Things To Know Before You Buy Bitcoin
There are several things you need to know before you buy Bitcoin, and our guide will take you through them. The internet is full of pieces of advice about buying Bitcoins, but what you need to keep in mind is that not everything applies to every...
You’re thinking about buying bitcoin, but you’re not quite there yet. Something is missing, but you’re not sure what. Well, you won’t learn everything there is about Bitcoin and blockchain in a day, though there are few things you should be aware of before you buy bitcoin.
This guide focuses on three things you should know before you buy bitcoin.
- What is bitcoin actually and what does it mean?
- How profitable is bitcoin trading?
- How to avoid bitcoin frauds and scams?
Let’s have a closer look at each of these.
Before you buy bitcoin #1: What is Bitcoin and what does it mean?
First of all, bitcoin, cryptocurrencies, and blockchain are nothing like traditional finance. In fact, they were created in response to traditional banking failure during the 2008 global financial crisis.
The creator of Bitcoin, a mysterious group or individual Satoshi Nakamoto strictly believed in personal freedom to transact with whomever you want, individual privacy (which is why he remained anonymous), and fragility of centralized traditional finance (evident in the corruption and abuse of its power, which also leads to detrimental events like financial crisis).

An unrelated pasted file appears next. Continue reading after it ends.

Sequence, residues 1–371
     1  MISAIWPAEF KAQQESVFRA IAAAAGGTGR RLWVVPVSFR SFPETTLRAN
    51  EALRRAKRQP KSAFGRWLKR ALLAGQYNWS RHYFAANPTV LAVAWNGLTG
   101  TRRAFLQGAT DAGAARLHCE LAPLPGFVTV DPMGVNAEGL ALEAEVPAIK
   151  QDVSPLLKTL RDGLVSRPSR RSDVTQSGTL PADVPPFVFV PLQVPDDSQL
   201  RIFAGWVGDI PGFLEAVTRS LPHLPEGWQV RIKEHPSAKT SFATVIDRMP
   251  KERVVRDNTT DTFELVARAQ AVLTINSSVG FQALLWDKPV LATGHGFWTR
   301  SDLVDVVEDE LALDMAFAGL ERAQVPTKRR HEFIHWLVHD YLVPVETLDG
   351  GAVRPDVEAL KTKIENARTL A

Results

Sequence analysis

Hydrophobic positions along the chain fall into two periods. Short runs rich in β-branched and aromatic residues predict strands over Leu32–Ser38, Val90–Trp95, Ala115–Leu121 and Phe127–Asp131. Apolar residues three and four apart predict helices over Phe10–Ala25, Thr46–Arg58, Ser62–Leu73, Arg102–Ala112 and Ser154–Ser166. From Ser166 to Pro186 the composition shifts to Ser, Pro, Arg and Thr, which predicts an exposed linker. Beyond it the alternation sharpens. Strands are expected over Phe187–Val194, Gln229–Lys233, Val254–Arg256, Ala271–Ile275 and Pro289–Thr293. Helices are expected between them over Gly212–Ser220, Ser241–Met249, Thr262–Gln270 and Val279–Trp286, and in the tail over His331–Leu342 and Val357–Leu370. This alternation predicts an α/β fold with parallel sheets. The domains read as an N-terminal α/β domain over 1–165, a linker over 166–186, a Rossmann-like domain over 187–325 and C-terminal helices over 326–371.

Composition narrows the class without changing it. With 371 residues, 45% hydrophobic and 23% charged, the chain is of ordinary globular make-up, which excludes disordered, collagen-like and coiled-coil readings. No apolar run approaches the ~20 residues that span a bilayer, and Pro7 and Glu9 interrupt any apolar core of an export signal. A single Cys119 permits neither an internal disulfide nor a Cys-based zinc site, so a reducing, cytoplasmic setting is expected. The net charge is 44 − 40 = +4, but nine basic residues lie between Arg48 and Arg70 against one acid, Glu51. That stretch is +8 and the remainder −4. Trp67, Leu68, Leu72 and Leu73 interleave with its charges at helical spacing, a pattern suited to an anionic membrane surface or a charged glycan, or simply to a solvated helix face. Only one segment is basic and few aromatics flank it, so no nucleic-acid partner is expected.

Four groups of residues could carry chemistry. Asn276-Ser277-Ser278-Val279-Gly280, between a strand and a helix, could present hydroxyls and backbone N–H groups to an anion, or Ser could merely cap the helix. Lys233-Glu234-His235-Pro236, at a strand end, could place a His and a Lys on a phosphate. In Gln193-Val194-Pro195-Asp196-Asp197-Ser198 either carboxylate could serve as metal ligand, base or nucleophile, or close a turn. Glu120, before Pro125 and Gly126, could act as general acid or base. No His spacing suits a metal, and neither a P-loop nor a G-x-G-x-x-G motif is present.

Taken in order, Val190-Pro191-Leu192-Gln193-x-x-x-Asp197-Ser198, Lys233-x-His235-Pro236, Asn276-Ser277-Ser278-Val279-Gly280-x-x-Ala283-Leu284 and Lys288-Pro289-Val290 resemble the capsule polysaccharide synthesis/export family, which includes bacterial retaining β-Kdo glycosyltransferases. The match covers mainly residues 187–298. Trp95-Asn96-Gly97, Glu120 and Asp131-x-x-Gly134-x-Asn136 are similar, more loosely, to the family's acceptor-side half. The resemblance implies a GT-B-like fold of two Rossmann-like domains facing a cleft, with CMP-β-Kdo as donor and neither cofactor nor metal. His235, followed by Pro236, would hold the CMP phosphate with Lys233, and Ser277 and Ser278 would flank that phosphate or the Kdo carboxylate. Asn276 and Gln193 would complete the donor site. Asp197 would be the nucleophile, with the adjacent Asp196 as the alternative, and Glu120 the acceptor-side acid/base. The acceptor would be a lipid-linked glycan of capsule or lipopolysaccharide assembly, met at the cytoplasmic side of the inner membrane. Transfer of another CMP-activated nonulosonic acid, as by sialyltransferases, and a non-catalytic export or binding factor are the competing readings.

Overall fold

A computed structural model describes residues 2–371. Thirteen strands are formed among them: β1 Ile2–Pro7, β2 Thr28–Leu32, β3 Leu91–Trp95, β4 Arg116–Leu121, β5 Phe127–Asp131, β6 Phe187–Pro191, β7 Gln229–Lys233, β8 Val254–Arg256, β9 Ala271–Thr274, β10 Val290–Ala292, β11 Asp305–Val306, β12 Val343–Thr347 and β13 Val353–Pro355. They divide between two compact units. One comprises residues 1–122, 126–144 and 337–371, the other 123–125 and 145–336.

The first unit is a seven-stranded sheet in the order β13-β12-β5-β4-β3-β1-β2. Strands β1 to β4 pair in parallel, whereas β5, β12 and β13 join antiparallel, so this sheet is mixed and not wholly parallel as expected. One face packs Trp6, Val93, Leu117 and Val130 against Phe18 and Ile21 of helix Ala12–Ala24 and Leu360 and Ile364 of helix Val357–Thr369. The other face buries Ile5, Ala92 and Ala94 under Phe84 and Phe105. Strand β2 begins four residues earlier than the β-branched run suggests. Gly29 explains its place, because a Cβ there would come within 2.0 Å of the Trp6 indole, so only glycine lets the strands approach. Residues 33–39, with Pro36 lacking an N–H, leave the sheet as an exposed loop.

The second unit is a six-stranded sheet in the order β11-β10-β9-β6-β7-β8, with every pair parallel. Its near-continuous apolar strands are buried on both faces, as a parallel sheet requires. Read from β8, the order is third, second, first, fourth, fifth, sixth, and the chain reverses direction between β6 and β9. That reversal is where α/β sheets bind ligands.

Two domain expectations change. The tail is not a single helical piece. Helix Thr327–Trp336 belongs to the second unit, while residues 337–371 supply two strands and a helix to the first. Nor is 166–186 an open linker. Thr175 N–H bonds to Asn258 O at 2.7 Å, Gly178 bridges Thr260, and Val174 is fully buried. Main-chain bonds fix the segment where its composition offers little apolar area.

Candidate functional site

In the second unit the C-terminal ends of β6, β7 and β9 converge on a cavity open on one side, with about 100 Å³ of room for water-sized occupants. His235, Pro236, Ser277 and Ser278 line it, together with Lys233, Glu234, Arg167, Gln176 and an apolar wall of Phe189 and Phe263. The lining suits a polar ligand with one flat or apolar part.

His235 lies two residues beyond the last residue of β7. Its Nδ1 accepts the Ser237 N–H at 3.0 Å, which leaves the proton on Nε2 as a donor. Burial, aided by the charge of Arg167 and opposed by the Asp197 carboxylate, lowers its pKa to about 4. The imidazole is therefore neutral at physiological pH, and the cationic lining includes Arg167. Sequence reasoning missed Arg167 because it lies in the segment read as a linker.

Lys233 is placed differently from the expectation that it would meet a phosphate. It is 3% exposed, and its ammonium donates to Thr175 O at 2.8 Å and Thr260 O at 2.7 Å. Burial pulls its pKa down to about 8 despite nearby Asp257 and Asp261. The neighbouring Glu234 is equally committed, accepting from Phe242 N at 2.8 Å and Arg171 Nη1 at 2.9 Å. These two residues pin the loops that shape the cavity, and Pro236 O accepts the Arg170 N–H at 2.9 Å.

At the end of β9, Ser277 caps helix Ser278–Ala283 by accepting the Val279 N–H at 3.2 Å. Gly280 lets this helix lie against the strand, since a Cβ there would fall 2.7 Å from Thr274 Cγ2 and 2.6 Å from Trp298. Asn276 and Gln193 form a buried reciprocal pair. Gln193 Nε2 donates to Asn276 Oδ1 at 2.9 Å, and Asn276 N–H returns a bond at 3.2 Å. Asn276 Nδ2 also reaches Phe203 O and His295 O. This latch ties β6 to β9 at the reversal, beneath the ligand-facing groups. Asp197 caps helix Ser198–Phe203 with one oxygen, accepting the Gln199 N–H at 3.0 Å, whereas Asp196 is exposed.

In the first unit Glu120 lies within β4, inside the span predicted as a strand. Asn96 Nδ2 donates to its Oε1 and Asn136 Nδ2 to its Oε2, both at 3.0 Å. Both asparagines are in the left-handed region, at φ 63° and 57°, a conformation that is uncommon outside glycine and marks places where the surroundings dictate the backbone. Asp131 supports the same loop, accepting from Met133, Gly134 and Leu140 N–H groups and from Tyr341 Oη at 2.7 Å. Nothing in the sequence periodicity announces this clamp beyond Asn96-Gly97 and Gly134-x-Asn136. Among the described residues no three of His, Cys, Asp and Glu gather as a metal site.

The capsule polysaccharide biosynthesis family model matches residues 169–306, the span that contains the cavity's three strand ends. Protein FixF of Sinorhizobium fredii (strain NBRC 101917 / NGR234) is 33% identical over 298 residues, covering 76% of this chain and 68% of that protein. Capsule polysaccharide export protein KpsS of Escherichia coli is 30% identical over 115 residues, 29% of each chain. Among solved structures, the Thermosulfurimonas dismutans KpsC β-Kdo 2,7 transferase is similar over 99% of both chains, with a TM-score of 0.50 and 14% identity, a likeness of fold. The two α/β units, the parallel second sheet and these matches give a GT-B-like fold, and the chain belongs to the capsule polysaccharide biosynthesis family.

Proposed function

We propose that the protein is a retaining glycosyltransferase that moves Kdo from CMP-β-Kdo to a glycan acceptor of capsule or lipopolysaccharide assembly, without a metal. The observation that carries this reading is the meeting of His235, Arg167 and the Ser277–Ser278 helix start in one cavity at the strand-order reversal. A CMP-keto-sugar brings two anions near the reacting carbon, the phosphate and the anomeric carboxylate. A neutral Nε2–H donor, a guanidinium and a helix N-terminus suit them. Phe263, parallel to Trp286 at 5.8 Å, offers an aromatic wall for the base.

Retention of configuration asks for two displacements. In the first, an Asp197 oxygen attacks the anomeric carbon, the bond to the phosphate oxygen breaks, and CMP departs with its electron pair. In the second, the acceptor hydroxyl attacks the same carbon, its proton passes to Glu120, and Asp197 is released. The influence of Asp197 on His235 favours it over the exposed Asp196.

Modern money system relies on inflating people’s hard-earned cash by design to discourage saving and encourage spending. Precisely for this reason, Bitcoin was made to be deflationary (but not in a way you think).
Digital cash systems (like DigiCash or E-Gold) were already conceived in the ’90s but failed in their implementation. According to Satoshi Nakamoto, it was their centralized nature that led to their failure. That’s why the individual or group of people behind the Satoshi’s pseudonym designed bitcoin to be a completely decentralized system with no central authority or central point of failure (like central and commercial banks) to control it, freeze your account if they don’t like you, censor your transactions or simply confiscate your money without your permission. Decentralization is a security feature, too - there’s no central institution or data center to be hacked, which is why Bitcoin is the most secure financial system ever made.
Essentially, the Bitcoin Network is an open-source P2P project much like Wikipedia or Linux-based operational systems. Anyone is free to run a bitcoin node, develop applications on top of its protocol, or fork it, which makes Bitcoin the ultimate people’s money and free speech tool - something that our civilization has never had before.
Before you buy bitcoin #2: There are no guaranteed profits in bitcoin
The internet is full of pieces of advice about buying bitcoins, but you need to keep in mind that not everything applies to every instance. Your mileage may vary, as they say.
Many people looking to buy bitcoin still treat it as a get-rich-quick scheme. That is not entirely wrong - bitcoin has made a lot of early adopters filthy rich. Just look at this incredible performance during the first ten years of bitcoins existence - it’s definitely something to behold.
Despite a successful decade, there are no guaranteed returns in bitcoin. In fact, bitcoin is very volatile, and many people have lost their hard-earned money, too. A golden rule to follow here is that you should never buy bitcoin for more than you can afford to lose. Keep in mind that despite the security of a decentralized network, Bitcoin is still a social experiment in its infancy. It may succeed, or it may fail, and no one knows for sure which one it will be.
The situation is best illustrated in the following tweet by Bitcoin developer Jameson Lopp.
Before you buy bitcoin #3: Beware of frauds and scams